By Tom Koch (Guest Contributor)
Something wonderful happened in the 1500’s when we learned to see in a way that permitted knowledge to be accumulated and categorized in a new way. It began with an anatomical atlas and an atlas of the world, the two together presaging a way of knowing that continues today. Within a hundred years the map became the medium in which symptoms were collected into databases whose cases became a single mapped event: an outbreak of plague, for example, whose sources could be interrogated. By the end of the next century the map became a principal medium in which theories of diseases like yellow fever were proposed and then tested in maps of local outbreaks.
Disease Maps: Epidemics on the Ground, tells the story of disease from the perspective of maps in which local outbreaks, national epidemics, and international pandemics were formulated. Some of the maps were of national campaigns to arrest the spread of this or that disease. Others were detailed local portraits of disease incidence that attempted to argue this or that source. Still others became media for statistical explorations of disease…not incidents but ratios of occurrence. Here we have disease as a communal thing, something lodged in the environment and presented in a way that insisted on theorizing and testing as a way of understanding. Here, too, one has the origins of health and disease not merely as private calamities but as public health events to which the response must be public and official, not simply personal.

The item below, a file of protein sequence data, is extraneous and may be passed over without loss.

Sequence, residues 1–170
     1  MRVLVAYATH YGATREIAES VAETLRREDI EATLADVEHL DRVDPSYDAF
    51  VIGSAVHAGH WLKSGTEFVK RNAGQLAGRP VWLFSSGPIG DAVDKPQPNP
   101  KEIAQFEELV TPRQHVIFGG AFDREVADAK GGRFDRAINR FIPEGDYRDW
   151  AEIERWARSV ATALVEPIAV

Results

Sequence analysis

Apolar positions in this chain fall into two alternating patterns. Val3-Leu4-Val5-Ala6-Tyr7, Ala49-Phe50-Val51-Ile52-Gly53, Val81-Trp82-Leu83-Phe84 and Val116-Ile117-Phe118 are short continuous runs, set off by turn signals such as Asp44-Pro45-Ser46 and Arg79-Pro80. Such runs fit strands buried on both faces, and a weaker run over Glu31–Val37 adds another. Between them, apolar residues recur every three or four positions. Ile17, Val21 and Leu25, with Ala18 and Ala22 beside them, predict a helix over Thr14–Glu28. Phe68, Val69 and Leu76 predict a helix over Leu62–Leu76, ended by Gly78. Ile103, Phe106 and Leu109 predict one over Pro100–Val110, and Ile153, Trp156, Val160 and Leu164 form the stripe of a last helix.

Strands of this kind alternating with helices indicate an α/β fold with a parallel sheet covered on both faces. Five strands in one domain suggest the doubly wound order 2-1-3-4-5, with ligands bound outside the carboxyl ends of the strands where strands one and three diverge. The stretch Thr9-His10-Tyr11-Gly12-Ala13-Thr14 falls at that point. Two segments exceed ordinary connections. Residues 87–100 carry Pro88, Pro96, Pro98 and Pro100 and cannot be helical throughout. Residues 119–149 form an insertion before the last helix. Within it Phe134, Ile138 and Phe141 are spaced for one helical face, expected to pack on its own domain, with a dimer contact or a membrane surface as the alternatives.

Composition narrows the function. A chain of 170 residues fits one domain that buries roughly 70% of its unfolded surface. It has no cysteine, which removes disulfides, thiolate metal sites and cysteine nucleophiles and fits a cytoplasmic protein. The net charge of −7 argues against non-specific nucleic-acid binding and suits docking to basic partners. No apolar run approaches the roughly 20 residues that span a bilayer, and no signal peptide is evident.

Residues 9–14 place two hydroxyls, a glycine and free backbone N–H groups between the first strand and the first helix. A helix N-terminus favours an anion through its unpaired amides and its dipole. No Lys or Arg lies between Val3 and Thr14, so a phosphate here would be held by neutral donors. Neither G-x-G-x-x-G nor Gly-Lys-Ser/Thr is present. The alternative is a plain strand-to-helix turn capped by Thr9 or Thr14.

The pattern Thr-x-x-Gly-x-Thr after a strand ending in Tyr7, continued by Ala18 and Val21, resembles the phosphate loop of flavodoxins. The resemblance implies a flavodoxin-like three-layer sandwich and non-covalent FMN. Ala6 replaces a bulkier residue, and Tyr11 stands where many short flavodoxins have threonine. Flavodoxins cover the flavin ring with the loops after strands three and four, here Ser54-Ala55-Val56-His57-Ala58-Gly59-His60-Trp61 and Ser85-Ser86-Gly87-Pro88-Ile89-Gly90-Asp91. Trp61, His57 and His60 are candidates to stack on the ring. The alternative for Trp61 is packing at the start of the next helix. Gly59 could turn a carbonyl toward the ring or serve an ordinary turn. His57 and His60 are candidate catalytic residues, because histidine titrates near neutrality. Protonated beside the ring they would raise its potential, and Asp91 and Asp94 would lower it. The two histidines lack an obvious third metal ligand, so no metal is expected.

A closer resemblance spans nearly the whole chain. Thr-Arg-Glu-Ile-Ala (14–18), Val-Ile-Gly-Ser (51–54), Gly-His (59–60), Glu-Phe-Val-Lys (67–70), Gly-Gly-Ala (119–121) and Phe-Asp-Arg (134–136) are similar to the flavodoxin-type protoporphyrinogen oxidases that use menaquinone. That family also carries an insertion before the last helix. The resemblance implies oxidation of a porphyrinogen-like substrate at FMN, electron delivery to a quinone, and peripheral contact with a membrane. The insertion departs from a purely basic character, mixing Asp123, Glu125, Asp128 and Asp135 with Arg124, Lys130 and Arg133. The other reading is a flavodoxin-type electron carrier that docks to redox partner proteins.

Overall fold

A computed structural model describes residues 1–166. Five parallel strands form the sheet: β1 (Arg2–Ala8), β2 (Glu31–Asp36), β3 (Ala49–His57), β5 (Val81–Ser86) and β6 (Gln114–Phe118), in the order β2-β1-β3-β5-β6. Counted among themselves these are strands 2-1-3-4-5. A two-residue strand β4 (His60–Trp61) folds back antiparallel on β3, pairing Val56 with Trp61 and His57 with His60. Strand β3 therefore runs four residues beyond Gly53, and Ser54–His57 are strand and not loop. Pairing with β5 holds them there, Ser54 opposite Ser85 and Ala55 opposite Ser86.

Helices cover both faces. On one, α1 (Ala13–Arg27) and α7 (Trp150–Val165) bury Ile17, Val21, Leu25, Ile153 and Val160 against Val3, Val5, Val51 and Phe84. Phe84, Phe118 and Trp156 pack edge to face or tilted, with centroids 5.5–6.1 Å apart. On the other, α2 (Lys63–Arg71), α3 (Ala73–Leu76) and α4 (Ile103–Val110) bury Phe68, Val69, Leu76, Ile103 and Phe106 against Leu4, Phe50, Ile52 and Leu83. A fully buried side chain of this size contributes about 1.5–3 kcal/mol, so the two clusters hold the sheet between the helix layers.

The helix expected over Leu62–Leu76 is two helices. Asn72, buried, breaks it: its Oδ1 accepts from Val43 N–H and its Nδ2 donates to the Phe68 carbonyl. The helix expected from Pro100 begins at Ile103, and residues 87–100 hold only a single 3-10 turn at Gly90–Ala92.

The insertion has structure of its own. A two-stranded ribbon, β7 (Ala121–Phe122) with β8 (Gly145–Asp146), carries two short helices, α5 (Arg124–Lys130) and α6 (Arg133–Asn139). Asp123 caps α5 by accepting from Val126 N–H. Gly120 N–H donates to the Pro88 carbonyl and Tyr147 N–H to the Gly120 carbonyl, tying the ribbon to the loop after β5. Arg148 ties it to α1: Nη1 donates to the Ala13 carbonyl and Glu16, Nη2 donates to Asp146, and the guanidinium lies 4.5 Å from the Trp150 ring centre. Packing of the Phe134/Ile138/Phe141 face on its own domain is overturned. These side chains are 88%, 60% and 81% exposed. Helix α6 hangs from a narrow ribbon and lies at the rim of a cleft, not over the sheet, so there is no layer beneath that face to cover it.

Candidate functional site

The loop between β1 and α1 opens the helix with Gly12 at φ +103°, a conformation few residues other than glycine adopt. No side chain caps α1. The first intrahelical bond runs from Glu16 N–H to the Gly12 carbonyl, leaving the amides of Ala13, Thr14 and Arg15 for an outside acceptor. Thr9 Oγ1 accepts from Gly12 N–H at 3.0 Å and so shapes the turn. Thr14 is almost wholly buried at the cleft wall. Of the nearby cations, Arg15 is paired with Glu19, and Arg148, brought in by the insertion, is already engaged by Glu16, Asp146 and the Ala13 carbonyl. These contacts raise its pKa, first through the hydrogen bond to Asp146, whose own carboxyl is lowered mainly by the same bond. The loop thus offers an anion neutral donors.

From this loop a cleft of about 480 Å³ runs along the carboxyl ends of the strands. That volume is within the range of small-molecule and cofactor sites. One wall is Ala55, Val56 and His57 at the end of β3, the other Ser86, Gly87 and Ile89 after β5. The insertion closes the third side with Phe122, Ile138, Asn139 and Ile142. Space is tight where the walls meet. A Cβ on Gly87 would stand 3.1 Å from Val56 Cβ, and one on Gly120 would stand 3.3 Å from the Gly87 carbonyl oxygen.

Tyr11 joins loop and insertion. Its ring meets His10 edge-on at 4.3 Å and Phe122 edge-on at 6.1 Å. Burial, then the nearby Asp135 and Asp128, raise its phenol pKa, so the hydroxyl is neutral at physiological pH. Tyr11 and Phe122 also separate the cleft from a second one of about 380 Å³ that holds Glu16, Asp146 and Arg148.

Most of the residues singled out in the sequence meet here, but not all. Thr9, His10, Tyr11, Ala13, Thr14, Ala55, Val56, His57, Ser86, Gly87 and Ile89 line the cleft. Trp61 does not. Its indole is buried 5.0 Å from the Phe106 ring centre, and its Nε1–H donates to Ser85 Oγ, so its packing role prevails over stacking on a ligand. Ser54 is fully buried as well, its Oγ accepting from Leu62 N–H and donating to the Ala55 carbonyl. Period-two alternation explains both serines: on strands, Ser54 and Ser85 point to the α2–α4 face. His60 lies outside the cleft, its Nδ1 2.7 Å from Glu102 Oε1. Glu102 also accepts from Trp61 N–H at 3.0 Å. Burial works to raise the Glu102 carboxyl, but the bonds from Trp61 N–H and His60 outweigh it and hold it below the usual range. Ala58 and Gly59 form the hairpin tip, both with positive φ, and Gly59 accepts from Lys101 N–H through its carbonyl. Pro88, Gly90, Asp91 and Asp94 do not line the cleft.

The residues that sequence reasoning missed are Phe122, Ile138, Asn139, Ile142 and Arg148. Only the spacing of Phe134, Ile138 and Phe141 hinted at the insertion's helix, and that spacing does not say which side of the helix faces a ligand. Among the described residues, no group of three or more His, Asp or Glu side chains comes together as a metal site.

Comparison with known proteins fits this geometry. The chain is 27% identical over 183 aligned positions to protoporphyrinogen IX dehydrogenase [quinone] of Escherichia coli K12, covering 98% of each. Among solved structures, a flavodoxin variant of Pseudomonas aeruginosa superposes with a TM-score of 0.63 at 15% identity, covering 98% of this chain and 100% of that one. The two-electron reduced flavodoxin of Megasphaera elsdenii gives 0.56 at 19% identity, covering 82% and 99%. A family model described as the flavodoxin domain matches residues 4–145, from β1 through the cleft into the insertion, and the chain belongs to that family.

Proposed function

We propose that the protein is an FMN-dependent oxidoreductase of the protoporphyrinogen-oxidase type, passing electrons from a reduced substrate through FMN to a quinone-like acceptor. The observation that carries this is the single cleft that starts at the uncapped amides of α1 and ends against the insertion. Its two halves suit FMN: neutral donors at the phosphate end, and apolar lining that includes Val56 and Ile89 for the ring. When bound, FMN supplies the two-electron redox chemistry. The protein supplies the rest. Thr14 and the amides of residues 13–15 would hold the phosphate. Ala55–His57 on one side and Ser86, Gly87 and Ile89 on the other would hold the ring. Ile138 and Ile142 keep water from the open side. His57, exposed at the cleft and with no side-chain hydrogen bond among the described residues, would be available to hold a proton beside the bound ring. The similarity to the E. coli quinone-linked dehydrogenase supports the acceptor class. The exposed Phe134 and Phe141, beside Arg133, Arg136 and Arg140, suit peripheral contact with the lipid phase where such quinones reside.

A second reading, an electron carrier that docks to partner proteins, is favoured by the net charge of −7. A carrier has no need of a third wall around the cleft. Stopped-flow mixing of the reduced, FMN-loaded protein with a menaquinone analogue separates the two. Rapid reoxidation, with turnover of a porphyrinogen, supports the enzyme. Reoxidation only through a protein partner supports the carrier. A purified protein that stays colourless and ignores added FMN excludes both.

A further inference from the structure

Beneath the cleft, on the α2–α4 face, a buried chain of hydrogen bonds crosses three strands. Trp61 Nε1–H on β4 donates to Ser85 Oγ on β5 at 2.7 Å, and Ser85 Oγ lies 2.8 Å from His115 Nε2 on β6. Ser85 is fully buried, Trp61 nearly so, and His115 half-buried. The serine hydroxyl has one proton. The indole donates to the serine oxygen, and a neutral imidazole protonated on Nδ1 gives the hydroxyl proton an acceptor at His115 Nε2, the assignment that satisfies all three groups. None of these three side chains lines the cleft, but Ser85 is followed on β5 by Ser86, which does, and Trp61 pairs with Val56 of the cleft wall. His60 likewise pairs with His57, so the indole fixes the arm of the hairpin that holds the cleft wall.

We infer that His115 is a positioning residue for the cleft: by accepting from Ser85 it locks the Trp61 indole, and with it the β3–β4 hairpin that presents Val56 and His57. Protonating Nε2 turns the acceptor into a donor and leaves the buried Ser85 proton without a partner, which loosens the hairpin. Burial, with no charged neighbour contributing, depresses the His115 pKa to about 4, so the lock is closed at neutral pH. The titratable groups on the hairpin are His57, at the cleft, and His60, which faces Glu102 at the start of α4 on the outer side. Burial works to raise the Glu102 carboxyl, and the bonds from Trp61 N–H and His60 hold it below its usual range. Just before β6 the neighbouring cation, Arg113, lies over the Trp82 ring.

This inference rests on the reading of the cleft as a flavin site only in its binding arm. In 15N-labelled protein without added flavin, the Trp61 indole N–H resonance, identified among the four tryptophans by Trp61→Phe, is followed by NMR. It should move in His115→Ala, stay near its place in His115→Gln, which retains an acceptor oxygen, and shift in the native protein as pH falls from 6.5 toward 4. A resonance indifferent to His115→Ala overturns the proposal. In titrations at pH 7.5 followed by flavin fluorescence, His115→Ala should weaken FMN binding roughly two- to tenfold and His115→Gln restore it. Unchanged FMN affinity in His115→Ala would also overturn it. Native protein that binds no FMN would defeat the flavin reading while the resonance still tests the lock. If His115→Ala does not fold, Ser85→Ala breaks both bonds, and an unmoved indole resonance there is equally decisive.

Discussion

Tom Koch is an ethicist, gerontologist, and medical geographer. He is the author of 15 books, including Cartographies of Disease (2005). Besides his work in medical cartography, he carries both academic and clinical appointments in Toronto and Vancouver, Canada.